- bekk-bekk likes this
- beyondmagnificence reblogged this from sonataslut and added:
- beyondmagnificence likes this
- samariespo reblogged this from sonataslut
- ocd-things likes this
- sonataslut posted this
I have to say that I was initially a bit scared to post this, but I will now. Some people may read this and think I’m crazy, but I don’t care.
Ponder for a moment what it would be like to fight with your brain every single day of your life. You can’t do anything without nearly every thought you have causing some irrational fear, that you have to then “fix” by compulsively doing things that are time-consuming, and extremely frustrating, not to mention senseless. You cannot do things you want to do, or if you can, not how you want to do them, because your brain is telling you that there will be some type of unwanted consequence(s) for doing that.
Suppose that your thoughts are constantly analyzed. Over-analyzed. If a thought that triggers the OCD comes up while you are doing something, you must re-do the action thinking of something else. This can often take a while, since thought-suppression makes the thought harder to get rid of. Tell yourself not to think of red balloons. You’ll probably think of red balloons.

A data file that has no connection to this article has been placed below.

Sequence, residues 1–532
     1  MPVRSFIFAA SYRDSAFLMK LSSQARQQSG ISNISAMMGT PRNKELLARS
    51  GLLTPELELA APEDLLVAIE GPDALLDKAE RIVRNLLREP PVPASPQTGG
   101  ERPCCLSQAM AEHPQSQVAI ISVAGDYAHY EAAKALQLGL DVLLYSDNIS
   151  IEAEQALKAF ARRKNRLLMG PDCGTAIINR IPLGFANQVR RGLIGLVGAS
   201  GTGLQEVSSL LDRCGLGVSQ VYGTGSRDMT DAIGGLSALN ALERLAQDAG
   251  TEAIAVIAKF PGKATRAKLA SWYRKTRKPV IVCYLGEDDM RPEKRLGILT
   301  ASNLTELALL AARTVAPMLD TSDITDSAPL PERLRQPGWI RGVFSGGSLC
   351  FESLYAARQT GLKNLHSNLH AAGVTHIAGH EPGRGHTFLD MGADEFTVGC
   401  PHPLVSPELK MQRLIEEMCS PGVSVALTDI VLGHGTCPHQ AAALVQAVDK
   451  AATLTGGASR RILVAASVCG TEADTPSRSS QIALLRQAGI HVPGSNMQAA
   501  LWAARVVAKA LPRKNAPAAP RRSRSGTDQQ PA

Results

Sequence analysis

While doing all of that, try to go about your daily life.
This is my daily life. From the moment I wake up, until I fall asleep, I live like this. My life is basically consumed by OCD. My mind is not what it used to be; I used to be able to think freely and do as I wished, but not now. Now, almost my every action is considered, my thoughts interrupted or attempted to be pushed away.
OCD is based on anxiety and fear. That is why most people with OCD can’t just stop doing the compulsive behaviors cold turkey. The fear sets in immediately, and the only thing that relaxes you again is the compulsive behaviors. I think of this like drug addiction. Most drug addicts continue to use because the cravings are unbearable, and the only thing that fixes it is their drug of choice. That is basically how it works with OCD. The only thing that fixes the result is the cause.
I know that I can get out of this OCD, and I am going to do it. I hope to one day look back at this writing and remember how it was to have OCD, at least pronounced OCD, and feel relieved that I can say I no longer feel trapped by my own brain. I want to say that I am the free spirit that I want to be. I want to exist as myself, not myself with OCD.